Digital Wood Trusses. Geometry and Parameters/Fabrication and Monitoring

  • Andrea GiordanoEmail author
  • Paolo Borin
  • Federico Panarotto
Part of the Lecture Notes in Civil Engineering book series (LNCE, volume 24)


This paper aims to demonstrate how to translate features and properties of existing wooden structures about function, performance and aesthetic into BIM objects. This purpose has a double effect: from an operative perspective, the modelling of existing wooden structures is necessary for any structural restoration project, while culturally for the preservation of construction techniques and their transferability in the current design theory. This refers in particular to wooden trusses as compound objects, such as to comply with a single structural and configurative purpose within the built space. The study proves the feasibility of describing the relationship among geometry, material features, construction techniques and simulation of trusses within a BIM environment. From a methodological point of view, starting from a point cloud, the process involves the modelling of beams and trusses, the construction of a library of nodes with parametric geometry drawn from nineteenth-century treatises (also called “wood stereotomy”), the information exchange from the BIM object to structural simulation environment. Moreover, there is the development of a parametric relation structure, which enables the creation of cutting parameters of the truss’s structural components. The case study from which the system is obtained is the covering system of the Church of the Eremitani, which hosts a so-called revolutionary covering system by a fourteenth-century monk, Giovanni degli Eremitani.


Wood stereotomy BIM IFC Parameters Interoperability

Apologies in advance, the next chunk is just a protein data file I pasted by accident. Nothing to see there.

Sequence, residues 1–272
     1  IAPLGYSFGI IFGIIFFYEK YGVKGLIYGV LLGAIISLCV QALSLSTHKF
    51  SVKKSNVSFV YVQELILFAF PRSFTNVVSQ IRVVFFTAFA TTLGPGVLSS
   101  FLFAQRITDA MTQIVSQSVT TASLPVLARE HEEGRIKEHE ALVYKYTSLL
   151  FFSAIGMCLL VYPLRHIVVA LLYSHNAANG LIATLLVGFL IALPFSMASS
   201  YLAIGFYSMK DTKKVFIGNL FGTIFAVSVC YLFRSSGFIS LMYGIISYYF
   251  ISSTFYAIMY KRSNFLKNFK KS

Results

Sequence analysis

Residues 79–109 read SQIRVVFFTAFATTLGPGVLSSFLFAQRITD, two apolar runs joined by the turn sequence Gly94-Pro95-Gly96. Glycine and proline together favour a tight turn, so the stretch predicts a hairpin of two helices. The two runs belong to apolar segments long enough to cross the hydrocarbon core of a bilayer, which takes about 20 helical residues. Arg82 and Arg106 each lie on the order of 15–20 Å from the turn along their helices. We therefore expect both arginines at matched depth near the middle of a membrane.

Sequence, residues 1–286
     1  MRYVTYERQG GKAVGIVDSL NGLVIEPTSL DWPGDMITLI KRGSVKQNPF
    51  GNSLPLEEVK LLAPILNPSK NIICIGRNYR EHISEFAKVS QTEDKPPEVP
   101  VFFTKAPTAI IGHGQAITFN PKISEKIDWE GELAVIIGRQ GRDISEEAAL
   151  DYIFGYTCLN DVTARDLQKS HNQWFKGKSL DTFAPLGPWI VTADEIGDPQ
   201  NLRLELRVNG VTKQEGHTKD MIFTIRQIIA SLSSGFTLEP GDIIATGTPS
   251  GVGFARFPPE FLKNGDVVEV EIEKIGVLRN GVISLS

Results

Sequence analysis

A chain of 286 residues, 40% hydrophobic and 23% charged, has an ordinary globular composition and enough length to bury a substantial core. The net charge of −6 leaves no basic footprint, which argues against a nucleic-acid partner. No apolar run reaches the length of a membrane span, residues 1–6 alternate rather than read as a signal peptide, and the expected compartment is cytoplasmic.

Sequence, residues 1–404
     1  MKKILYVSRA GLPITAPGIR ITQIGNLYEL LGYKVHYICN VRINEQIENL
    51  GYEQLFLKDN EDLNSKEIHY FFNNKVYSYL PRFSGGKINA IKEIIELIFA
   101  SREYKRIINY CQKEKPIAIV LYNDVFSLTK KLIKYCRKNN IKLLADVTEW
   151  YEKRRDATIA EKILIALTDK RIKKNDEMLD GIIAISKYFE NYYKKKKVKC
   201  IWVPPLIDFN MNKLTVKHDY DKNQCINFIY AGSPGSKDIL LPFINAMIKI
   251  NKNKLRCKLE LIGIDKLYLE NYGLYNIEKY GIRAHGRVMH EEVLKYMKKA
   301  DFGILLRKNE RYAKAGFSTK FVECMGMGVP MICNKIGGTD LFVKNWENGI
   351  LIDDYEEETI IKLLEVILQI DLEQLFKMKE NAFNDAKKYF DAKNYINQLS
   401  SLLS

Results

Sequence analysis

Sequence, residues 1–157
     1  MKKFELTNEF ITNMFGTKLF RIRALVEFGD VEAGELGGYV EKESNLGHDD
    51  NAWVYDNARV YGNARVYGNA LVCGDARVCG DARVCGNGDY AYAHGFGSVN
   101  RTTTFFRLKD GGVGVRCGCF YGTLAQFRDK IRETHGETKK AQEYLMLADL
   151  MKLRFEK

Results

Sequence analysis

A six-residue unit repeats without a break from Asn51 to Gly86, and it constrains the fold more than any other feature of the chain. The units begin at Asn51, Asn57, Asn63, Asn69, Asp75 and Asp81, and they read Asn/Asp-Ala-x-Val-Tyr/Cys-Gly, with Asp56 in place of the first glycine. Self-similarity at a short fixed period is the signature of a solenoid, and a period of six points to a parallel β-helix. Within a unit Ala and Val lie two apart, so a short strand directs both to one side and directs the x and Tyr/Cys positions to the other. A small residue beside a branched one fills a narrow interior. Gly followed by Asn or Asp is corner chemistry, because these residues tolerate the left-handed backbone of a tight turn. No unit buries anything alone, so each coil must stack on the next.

1. Bordignon G (2012) “Le pietre parleranno” distruzione e ricostruzione postbellica della chiesa degli Eremitani a Padova tra storia e propaganda. In: Belli G, Centanni M (eds) Opus incertum vol 6–7: Costruzioni e ricostruzioni dell’identità italiana, vol 6–7. Polistampa, pp 156–175Google Scholar
  2. Carpeggiani P (1975) Gli Eremintai. In: Bellinati C, Puppi L (eds) Basiliche e chiese, vol 1. Neri Pozza Editore, Vicenza, pp 217–234Google Scholar
  3. Eastman C, Teicholz P, Sacks R, Liston K (2011) BIM handbook: a guide to building information modeling for owners, managers, designers, engineers and contractors, 2nd edn. Wiley, Hoboken, New JerseyGoogle Scholar
  4. Evans R (2000) Drawn stone. In: Evans R (ed) The projective cast. The MIT press, Cambridge, pp 179–239Google Scholar
  5. Fai S, Filippi M, Paliaga S (2013) Parametric modelling (BIM) for the documentation of vernacular construction methods: a BIM model for the commissariat building, Ottawa, Canada. ISPRS—Ann Photogramm Remote Sens Spat Inf Sci II-5/W1:115–120CrossRefGoogle Scholar
  6. Galliani GV (2001) Dizionario degli elementi costruttivi. UTET, Turin, pp 183–188Google Scholar
  7. Hamid M, Tolba O, El Antably A (2018) BIM semantics for digital fabrication: a knowledge-based approach. Autom Constr 91:62–82CrossRefGoogle Scholar